June 11

Within every flower the world by Ivette Ebaen

A Nalanda Miksang Testimonial

" I want to share an excerpt from an essay I wrote for my book entitled:
Nalanda Miksang, Using Photography to Contemplate Life, A
Practitioner’s Point of View. As a practitioner and instructor, I am grateful
for this teaching, the sangha, and the abundance of dharma revealed in
every flash that comes my way.
within every flower the world – © I. Ebaen, monoku

Conventional picture taking is one way to document life. Yet the difference
between a conventional selfie and a Nalanda Miksang portrait is discovered in the
process of doing so and not in what results. The visual image that flashes before my
eyes is the result of being open and present to experience.

Miksang Contemplative Photography - Ordinary Personal World - Bookcase - copyright - Ivette Ebaen

What happens to my conceptual mind and the rest of my senses before the decision
is made to release the shutter and snap the picture is what makes the process
different. In reality you and I have nothing to do with the resulting image. The flash of
perception sees to that. The flash that shimmers at me and catches me unaware,
frames the image I’m after.
If left to be what it is, that initial moment of disruption known as the flash of
perception stops the eye from searching and silences the mind from constant
chatter. And what is witnessed is stunning and unexpected with every possibility for
change to take place.

With clarity of mind comes clarity of vision. The eyes see afresh. The mind and body
relax. In this state of awareness I feel at one with what I perceive. I identify with basic
goodness – that state of heartfelt relaxation that brings with it a sense of
unconditional satisfaction.
When I look through my camera’s viewfinder, all forethought and afterthoughts yield
to the empty gap of mind, as Chögyam Trungpa Rinpoche explains in his book True
Perception, The Path of Dharma Art; “When you first perceive something, there is a
shock of no conceptual mind operating at all. Then something begins to occur. You
begin to perceive: whether you like it or not, you begin to see colours and
perceptions, to open your eyes. So that non-reference-point of mind can become
highly powerful and extraordinarily sensitive.”
This empty gap of mind awakens in me that primordial sense, of how I once
perceived the phenomenal world - before I acquired a language, a culture, a history
of ideas; before I learned to imagine and create a separate sense of self.
The sensation of no-mind reminds me of a time when my response to life was
innocence and curiosity. This intuitive response to life relied on my ability to perceive
and receive, originating from a state of relaxation fostered by an open-hearted trust
in existence.

Contemplative Photography – Hands At Work – © Ivette Ebaen
From a Miksang practitioner’s perspective, using photography to see what presents
itself doesn’t aim to document life per se. The practice is about perception. I
experience awareness in relationship to the phenomenal world. Being receptive to
experience reality as it is - unadulterated and pure - is the focus of practice. The
Miksang point of view is always clear, fresh, and simple. Its foundation is based on
how the world of things and sentient beings, the nature of Nature responds without

prejudice yet with discernment. The adventure always humbles my heart from the joy
of what is revealed and realized.
In such a state of conscious seeing and being, I feel the vitality of a crack running up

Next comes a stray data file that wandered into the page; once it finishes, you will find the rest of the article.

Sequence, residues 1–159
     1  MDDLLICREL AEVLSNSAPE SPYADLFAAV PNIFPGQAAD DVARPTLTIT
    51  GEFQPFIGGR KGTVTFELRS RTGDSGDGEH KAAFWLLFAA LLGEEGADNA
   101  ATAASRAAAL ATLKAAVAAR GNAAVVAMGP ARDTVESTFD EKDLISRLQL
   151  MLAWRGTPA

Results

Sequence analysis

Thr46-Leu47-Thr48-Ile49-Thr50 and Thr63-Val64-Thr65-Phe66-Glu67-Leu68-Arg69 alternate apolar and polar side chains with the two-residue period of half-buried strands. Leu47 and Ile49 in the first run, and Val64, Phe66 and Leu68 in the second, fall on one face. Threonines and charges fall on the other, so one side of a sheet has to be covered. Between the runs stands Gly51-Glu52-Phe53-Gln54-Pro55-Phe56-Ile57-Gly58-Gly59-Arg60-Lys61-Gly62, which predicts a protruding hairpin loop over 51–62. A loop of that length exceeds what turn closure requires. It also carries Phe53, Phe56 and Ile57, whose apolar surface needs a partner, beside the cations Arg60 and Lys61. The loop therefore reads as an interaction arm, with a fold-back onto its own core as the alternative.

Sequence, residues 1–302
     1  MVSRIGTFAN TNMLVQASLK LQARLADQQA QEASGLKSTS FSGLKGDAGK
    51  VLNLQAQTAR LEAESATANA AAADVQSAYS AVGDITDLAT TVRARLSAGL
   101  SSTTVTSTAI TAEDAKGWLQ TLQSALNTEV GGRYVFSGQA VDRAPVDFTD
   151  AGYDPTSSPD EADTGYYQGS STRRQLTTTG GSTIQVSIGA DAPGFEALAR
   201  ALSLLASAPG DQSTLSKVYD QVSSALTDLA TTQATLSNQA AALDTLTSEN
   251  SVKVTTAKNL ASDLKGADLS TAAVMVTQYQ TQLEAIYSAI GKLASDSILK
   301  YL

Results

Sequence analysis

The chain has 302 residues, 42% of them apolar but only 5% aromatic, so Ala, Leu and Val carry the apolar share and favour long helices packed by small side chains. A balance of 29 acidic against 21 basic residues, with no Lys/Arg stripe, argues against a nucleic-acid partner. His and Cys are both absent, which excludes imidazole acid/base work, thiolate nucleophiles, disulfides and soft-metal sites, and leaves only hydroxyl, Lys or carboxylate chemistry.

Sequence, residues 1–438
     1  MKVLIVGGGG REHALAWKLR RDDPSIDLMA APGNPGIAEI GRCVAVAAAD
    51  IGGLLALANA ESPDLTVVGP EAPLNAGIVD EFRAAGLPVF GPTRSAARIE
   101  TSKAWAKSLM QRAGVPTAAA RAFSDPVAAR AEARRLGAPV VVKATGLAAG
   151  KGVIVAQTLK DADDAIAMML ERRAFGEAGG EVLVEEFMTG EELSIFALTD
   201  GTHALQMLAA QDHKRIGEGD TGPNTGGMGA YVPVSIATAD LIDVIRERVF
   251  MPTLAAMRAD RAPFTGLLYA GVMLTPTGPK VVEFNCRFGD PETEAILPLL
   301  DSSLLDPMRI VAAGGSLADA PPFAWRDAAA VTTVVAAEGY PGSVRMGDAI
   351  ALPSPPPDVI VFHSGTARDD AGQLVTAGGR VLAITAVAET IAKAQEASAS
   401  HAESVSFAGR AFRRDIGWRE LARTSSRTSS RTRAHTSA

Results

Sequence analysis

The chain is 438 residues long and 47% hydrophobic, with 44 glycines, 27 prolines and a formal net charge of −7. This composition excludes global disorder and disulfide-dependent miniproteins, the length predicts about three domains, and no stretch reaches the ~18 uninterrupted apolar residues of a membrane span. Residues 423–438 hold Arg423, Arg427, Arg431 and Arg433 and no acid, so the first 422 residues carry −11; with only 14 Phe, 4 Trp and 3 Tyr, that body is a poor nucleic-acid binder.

a wall. I identify with a raindrop as it splatters in a bucket full of rain. I taste the sun
behind leaves dangling from the oak branches. I smell the freshness within the folds
of my lover’s shirt, and capture the essence of that experience in a photograph.


Texture Plus – Cotton Shirt – © Ivette Ebaen
I practice to see the beauty within the ordinary world. I go on Miksang walks to
familiarize myself with what being present to sight, sound and all sensations, feels
and looks like. I take the stance of the observer and witness what arises and
survives without interfering. And if necessary, I have an equivalent image to confirm
the depths of my understanding.
Whether or not a practitioner captures an equivalent image remains irrelevant. What
is relevant is to realize what is communicated in the moment. What is relevant is
what it is, which allows me to perceive then accept the state of things as they are; as
they present themselves in the moment they change and perish. Miksang and this
way of seeing then becomes a teaching, a meditation on letting go and letting be.

In truth Nalanda Miksang is an intimate practice. It is an individual’s practice in
preparation for sitting meditation. The practice reflects the changing states of mind
and all the senses as seen through the images that flash before us.
Ultimately, Miksang and this way of seeing is about surrender with a glimpse of what
that egoless state of mind looks like. It is an intimate observation of getting to
perceive and understand our genuineness. It is about appreciating life as such, in its
state of suchness, is-ness, and wonderment . . .
Miksang contemplative photography - book cover - copyright - Ivette Ebaen
Excerpt from Nalanda Miksang, Using Photography to
Contemplate Life, A Practitioner’s Point of View, 

by Ivette Ebaen, M.A. Transpersonal
Psychology, Professional Diploma Person-Centered Expressive Arts Therapy; SoulCollage
Practitioner/Facilitator; Nalanda Miksang Practitioner/Educator; Artist/Photographer based in
Ireland. Miksang photographs, text and monoku, by Ivette Ebaen. © Copyright 2023. All
rights reserved.

To purchase a hardbound copy of Nalanda Miksang, Using Photography to Contemplate
Life, A Practitioner’s Point of View, containing essays and a gallery of student/practitioners
work; attend a Haiku or Nalanda Miksang Workshop email ivette@6moons.com or visit


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